You don’t want to lose it.
For any nonprofit organization, the path to gaining a 501(c)(3) status is difficult, whether it was last year or last century.
It’s important to do everything you can to hang on to that tax-exempt status, for reasons from funding to operations to, well, taxes.
Here, we’ll walk you through how to protect your nonprofit status.
Rules to Maintain Your Status
To continue to be exempt from taxes you have to manage or avoid certain activities to protect your nonprofit status.
- No operations for the benefit of any private interests. This means a staff member, family member, or other person connected with the organization cannot receive any financial or other benefit (aside from an earned salary and insurance benefits).
- No devoting a “substantial part” of activities to influencing legislation. Nonprofits can still engage in lobbying activities, but it can’t be at too high a level of your time or operations and take up a substantial portion of the energy and resources of the nonprofit.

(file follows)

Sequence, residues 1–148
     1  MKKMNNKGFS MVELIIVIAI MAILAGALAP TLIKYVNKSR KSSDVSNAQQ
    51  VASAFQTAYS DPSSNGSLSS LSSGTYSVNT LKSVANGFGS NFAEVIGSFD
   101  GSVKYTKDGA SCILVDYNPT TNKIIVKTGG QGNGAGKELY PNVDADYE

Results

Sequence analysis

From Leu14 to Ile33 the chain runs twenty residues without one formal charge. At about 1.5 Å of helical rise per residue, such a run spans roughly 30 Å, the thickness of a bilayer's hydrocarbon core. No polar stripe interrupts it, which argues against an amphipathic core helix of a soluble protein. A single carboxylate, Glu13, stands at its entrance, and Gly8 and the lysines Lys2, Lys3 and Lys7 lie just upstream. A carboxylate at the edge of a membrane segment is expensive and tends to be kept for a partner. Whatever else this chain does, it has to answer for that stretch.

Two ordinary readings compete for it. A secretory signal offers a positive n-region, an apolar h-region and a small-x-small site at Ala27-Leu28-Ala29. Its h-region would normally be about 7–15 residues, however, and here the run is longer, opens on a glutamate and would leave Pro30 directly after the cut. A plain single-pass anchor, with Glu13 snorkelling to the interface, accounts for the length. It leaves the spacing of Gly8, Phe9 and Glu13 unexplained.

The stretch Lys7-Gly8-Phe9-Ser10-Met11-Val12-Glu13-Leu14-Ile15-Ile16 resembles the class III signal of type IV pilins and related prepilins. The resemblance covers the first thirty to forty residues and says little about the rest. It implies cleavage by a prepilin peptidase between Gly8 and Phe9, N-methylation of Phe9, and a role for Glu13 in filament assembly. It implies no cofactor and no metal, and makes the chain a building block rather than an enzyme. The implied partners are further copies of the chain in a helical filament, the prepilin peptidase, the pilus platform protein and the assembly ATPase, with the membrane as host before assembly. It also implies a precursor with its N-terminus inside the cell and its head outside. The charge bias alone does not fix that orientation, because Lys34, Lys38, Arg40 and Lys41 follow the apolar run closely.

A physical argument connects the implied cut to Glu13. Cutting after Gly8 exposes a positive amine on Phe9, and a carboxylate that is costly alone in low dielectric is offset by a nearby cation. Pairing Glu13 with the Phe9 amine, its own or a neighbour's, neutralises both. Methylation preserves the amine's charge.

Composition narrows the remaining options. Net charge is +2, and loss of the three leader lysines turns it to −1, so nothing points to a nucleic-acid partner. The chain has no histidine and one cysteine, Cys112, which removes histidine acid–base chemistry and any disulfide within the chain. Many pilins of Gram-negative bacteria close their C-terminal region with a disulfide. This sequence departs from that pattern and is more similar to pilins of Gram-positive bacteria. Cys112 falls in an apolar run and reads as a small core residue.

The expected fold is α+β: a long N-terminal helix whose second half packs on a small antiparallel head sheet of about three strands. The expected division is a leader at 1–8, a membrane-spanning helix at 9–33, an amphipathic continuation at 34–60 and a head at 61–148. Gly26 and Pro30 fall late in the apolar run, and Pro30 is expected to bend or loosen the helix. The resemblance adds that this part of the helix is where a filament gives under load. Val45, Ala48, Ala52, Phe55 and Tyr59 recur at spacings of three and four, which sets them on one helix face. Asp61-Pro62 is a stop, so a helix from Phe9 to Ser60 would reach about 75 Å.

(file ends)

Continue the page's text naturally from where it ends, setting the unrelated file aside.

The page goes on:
- No participation in any political campaign for or against any candidates running for public office.
- No generating large amounts of income from an unrelated business. If you have a related parallel service or some other sort of business activities generating a large amount of income, but it’s not related to the purpose of the nonprofit, this can exempt you from nonprofit status.
- No conducting activities of an illegal nature or violating public policies.
- You must file an annual tax return. Previously, nonprofits with gross receipts less than $50,000 were exempt from filing their taxes via Form 990, but that exemption no longer exists.
- You must notify the IRS if your mission and purpose significantly changes.
If you engage in any of the first four activities or neglect to file an annual tax return, the consequences can be dire. They include:
- You will no longer be exempt from taxes and will have to pay corporate income taxes on annual profits from now on.
- You might be subject to back taxes and penalties to the effective date the tax-exempt status was revoked.
- Any state tax exemptions, from property, sales, or other taxes, might also be revoked.
- Removal from the IRS Publication 78, the official list or nonprofit organizations that can receive tax-deductible donations, which means donors will no longer be able to receive a tax deduction for any gifts if they gave them after that date of revocation
- Losing chances of receiving grants from private foundations as most have a nonprofit, tax-exempt status as a requirement to receive a grant.